Thursday, May 15, 2008

"Iron John"
by Robert Bly

First, a story, and it will tie in later. I bought this book at a little used bookshop called "The Iliad" in North Hollywood. It's in the middle of a shady neighborhood, the kind of place you don't want to go at night, which is when we went. It's filled to the brim with books, so stacked that walking in is at once pleasing and overwhelming. The Iliad is not a place to go to browse. You go there to buy, with a list in hand, else you'll never leave.

So my wife and I were browsing (see! bad idea!) and I decided to see if they had a couple of books. The first, Iron John, he had and grabbed, but when I said the second book, he gave me a look. A what kind of fella are you sort of look. The book I was inquiring for was Eat, Pray, Love.

"Never heard of it," he said, the guy is a little older with a wiry frame, seems generally disinterested in everything but baseball and, I imagine, books, but you would never guess he reads, his disposition screamed of ignorance. "What's it about?"

"I'm not too sure," I replied, "but I think it's about this woman who travels through Italy and India rediscovering herself. Or something." That "or something" was because the look I was now getting was like I was some sort of alien, like I was asking for cereal.

"Forget it," I said. I bought the book and we left. Great bookstore, horrible people.

Iron John is "a book about men," as it says on the cover, which is possibly why the old man at the counter knew where to find it (he had read it?) and gave me the evil eye when I asked about Eat, Pray, Love (old man's confusion to younger man's ambivilance of reading choices?), I'll never know. It is, indeed, a book about men, and a relatively informing book about men. Robert Bly proposes that many modern men haven't gone through an initiation into manhood, mostly due to the evolution in science and the dissolution of hunter-gatherer societies. Men aren't supposed to be this dominating creature that doesn't feel (i.e. bookstore guy), nor is he supposed to be this completely sensitive thing with no sense of himself (i.e. opposite of bookstore guy). This leaves us men quite lost, and with no "elders" to guide us, we need somewhere else to look.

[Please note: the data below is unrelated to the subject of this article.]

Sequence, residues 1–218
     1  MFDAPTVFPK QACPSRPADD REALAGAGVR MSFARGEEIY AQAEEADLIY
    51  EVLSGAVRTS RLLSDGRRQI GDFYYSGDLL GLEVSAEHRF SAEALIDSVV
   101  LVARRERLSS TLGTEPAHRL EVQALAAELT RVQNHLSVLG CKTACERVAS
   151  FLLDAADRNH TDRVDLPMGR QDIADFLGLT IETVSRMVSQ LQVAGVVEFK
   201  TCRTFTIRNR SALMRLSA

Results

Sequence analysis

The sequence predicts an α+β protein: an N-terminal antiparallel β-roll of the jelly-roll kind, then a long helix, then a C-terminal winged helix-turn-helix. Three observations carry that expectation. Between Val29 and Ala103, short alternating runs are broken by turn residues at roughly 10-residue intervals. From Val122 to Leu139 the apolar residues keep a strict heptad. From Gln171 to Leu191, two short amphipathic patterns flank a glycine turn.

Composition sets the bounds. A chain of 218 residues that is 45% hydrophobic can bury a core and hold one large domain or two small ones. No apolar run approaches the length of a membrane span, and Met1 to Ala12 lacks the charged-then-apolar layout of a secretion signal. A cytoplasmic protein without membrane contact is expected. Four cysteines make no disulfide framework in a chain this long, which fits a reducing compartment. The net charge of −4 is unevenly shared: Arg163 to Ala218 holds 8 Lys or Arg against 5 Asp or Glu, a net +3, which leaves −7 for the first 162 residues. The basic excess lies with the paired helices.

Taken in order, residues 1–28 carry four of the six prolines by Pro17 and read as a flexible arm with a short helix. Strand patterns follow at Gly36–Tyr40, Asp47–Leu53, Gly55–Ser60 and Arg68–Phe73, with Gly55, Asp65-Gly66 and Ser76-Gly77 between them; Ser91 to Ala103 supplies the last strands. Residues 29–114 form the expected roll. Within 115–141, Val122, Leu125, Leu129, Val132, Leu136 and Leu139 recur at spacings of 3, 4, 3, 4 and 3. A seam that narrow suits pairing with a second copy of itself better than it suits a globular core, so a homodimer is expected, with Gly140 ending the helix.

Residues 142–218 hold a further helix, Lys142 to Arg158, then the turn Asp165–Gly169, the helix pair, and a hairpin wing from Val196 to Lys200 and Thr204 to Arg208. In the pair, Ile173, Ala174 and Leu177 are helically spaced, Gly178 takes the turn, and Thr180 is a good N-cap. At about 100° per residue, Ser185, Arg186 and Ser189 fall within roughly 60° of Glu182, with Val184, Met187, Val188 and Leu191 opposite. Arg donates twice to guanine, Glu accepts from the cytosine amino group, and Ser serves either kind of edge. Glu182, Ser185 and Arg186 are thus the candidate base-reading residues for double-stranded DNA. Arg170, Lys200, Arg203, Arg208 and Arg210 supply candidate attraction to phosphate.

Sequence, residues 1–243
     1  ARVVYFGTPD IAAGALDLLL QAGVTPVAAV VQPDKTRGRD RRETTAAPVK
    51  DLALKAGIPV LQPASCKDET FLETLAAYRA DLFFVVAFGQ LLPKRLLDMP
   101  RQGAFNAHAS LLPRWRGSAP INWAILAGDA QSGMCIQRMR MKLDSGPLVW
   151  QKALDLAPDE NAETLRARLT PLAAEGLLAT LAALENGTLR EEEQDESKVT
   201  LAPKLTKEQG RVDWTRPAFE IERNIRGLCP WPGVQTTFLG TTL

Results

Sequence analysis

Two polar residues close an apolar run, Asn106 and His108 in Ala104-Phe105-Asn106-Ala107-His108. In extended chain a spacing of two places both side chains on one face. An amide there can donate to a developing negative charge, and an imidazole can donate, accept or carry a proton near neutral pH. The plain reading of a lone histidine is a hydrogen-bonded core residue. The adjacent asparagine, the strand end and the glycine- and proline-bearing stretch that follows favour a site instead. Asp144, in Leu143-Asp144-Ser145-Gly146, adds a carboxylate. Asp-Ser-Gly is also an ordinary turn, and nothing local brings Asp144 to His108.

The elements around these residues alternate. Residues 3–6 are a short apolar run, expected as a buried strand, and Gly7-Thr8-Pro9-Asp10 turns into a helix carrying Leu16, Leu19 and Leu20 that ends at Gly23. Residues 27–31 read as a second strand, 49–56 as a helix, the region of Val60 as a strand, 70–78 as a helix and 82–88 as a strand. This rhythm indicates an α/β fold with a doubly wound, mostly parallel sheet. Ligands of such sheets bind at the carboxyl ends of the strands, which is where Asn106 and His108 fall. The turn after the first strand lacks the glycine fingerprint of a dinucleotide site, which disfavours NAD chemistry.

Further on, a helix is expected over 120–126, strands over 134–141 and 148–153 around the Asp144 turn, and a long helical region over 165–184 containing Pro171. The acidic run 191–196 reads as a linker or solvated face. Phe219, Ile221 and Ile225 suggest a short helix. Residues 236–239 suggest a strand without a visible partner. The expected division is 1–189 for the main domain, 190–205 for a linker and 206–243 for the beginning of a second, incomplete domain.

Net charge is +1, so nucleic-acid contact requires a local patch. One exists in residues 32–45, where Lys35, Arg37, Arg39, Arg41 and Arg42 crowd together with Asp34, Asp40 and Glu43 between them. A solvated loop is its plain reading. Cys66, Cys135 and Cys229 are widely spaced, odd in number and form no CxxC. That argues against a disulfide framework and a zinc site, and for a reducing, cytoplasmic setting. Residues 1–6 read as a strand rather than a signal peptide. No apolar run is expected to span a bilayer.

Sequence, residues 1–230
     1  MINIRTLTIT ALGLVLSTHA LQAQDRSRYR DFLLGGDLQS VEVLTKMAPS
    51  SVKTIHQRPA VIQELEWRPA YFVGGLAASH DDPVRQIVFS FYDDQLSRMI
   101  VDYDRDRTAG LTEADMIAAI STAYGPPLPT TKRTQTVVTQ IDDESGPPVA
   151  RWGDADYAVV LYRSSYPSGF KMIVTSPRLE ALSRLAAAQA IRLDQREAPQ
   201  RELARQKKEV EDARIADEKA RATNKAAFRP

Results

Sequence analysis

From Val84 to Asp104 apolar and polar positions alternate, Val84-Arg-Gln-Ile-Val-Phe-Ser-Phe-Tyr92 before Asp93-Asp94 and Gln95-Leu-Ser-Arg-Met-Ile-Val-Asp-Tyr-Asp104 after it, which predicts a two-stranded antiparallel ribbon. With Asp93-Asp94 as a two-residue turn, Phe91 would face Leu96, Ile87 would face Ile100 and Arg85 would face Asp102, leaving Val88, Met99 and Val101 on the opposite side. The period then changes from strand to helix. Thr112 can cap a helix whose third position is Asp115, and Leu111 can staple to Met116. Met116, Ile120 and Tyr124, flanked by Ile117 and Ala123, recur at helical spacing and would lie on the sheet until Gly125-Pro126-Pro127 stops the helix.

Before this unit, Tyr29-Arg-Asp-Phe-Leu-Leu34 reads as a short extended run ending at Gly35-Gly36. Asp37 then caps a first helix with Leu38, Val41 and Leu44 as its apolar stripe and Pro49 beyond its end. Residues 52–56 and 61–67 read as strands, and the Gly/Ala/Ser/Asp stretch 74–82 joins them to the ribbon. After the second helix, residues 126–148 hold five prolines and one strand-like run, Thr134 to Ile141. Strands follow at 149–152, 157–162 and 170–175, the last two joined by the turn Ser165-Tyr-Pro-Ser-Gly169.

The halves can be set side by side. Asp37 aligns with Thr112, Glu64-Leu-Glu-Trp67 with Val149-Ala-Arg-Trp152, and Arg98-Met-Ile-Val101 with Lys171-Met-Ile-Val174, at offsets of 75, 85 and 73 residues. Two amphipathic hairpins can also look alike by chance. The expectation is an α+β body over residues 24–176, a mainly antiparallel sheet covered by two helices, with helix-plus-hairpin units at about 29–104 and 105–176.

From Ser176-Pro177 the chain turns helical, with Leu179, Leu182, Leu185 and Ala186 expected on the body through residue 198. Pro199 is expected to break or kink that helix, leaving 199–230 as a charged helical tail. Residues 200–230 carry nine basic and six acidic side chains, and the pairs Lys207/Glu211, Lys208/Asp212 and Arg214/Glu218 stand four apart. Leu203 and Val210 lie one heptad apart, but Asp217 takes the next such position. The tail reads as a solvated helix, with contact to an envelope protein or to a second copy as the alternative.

But where?

The fairy tales, of course!

Joking aside, Bly's idea is that many fairy tales, being ancient, are filled with symbolism and thus useful to a modern journey of man.

There is so much to go into here that would better be left to the book, so I'll keep it short. Men nowadays have largely been raised by women, and while this is a good thing in some ways, men lack the tools to grow up, to set boundaries, to become Men with a capital M. This I see and agree with. What lacks is the initiation. In certain cultures, the boys are taken away with the elders and initiated at a young age (about 12, it seems), and they come back men. Modern society substitutes video games, TV, and no elders to initiate them at all.

What Iron John sets forth is an analysis of the Grimm Brothers tale Iron John about a kings son who lets a Wild Man out of the cage, is taken to the forest with him, and transformed in ways he never thought possible. Bly is great at analyzing the story and making cultural references that most American men can hold on to. He takes the story apart and shows just how important fairy tales are to our development as human beings.

I have to recommend this book to any male out there, if for the sheer reason that men as a whole need to develop a little more. When you have a nation of boys, you end up invading a country for no good reason and the world is way worse for the wear. Read it.

1 comment:

Miss Kubelik said...

It looks like we have a Man here, with a capital "M". Very insightful review.